We developed a new method that we called “Learning by Association.” It’s similar to the “association game,” where you’re told a word and you respond with the first thing that you associate with it. After a few “iterations,” you usually get very funny “association chains.”

We did something similar: We trained a neural network to produce representations (neural activation patterns) that allow for associations, too. Associations from labeled data to unlabeled data. Imagine an association chain from an example of the labeled batch to an example of the unlabeled batch. Then, you make a second association from unlabeled to labeled data. That would then be an “association cycle.” You can now compare the label of the example that you ended up at with the label of the example at the beginning of the cycle. The goal is to make consistent association cycles, meaning that the labels are the same. We formulated this as a cost function and showed that this technique works extremely well for training classification networks with less labeled data.


Did you publish at Google during your internship?
Yes, I wrote a paper and submitted it to CVPR, the biggest computer vision conference in the world. I even presented on this topic at the 2017 CVPR conference. And Google funded my conference trip, so this internship has not only brought me great industry experience, but also a publication that I am very proud of.


How closely connected was the work you did during your internship to your PhD topic?
My host and I were exploring many topics in the beginning and this particular one fits perfectly in my PhD. Besides, I think that even projects orthogonal to a PhD topic can help a lot, with regard to coding and project management skills.


Did you write your own code?
Tons! I am particularly grateful for the code reviews that helped me improve code quality and made me think more about style and scalability. I am also very happy that Google allowed me to open-source my code, as is common practice in the research world. This way, I can continue to work on the topic and share code with researchers all across the globe. I was able to write a follow-up paper on “Associative Domain Adaptation,” which just got accepted for ICCV.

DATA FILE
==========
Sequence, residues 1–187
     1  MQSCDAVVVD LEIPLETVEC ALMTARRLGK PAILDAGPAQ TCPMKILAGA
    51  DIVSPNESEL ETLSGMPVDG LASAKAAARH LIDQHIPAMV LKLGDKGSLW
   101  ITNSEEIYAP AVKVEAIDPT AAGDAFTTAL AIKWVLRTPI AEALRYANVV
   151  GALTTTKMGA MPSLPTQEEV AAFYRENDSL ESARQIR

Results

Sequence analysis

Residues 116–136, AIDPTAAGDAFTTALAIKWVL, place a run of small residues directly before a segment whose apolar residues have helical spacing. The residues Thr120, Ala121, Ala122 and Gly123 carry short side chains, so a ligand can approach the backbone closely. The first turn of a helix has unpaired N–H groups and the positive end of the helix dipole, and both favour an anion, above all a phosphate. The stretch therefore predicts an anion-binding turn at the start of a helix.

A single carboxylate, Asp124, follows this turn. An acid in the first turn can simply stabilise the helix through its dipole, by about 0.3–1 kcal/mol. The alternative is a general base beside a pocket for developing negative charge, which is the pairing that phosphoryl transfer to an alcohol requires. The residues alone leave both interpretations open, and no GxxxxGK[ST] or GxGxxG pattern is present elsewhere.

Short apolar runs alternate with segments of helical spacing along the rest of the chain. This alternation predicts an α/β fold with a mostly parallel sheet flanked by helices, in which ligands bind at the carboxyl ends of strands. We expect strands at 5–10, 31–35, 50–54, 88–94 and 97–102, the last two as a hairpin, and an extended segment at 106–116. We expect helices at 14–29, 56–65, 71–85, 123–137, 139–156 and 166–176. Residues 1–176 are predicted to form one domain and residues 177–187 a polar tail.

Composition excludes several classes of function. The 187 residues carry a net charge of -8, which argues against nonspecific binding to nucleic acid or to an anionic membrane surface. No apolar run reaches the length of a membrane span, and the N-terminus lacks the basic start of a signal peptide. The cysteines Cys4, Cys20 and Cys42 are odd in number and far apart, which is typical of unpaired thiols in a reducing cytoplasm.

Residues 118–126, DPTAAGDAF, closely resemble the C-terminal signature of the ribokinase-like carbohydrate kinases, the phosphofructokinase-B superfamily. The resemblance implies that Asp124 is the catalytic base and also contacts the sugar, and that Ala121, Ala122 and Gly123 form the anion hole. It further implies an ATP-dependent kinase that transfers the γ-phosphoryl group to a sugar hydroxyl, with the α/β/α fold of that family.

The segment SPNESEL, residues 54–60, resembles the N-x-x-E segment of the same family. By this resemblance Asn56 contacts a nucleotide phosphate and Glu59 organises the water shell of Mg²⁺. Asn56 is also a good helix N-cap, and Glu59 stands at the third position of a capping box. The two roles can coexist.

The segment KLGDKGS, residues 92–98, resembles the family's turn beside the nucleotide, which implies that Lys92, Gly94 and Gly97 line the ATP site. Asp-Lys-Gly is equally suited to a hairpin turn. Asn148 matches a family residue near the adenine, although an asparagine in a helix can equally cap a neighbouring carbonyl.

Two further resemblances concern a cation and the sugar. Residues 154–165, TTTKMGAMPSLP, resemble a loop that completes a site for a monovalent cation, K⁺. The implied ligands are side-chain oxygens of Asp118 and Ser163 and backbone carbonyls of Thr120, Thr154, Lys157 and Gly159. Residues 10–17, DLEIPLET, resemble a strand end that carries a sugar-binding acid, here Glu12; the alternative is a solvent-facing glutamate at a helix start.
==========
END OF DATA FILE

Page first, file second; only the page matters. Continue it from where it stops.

This is your second internship at Google. What were the reasons to come back to Google Zurich?
There are so many interesting research projects at Google that only one internship is not enough :-). No, seriously, I was offered a really interesting project on the team of Sylvain Gelly. I had already met him and his colleagues last year. They are amazing people, and I couldn’t miss out on the chance to work with them.


What key skills have you gained from your time at Google?
I think my code quality improved a lot. At Google, you have the chance to learn from brilliant coders with a lot of experience. They write smart code, fast. And they help you do the same.
But I also connected with many people from different teams and backgrounds. I met amazing product managers who gave me insights into how they design successful products. I was even able to work with them on new YouTube features since I am also a YouTube creator. And last but not least, I worked on my metabolic endurance with the Tough Mudder team at Google’s internal fitness center.


What impact has this internship experience had on your PhD?
Looking at it in retrospect, my internship was an important milestone for my PhD. I didn’t apply with the expectation of it being a total game changer, but I think I returned back to university with a ton of new ideas and inspiration.


Looking back on your experiences now: Why should a PhD student apply for an internship at Google? Any advice to offer?
When you’re in the middle of your PhD, there will be this moment when you think you’re trapped and you need to see something new. Or when you realize that you would like to try an experiment that requires 1000 GPUs. Or when you think you know it all and you want to challenge yourself. Or when you think about the time after your PhD and you wonder what it would be like to write code at scale and make a huge impact. I think there are many reasons for an internship. Google is a fun place to try yourself out and maybe come home with a nice paper, new friends, new ideas, or even a job offer.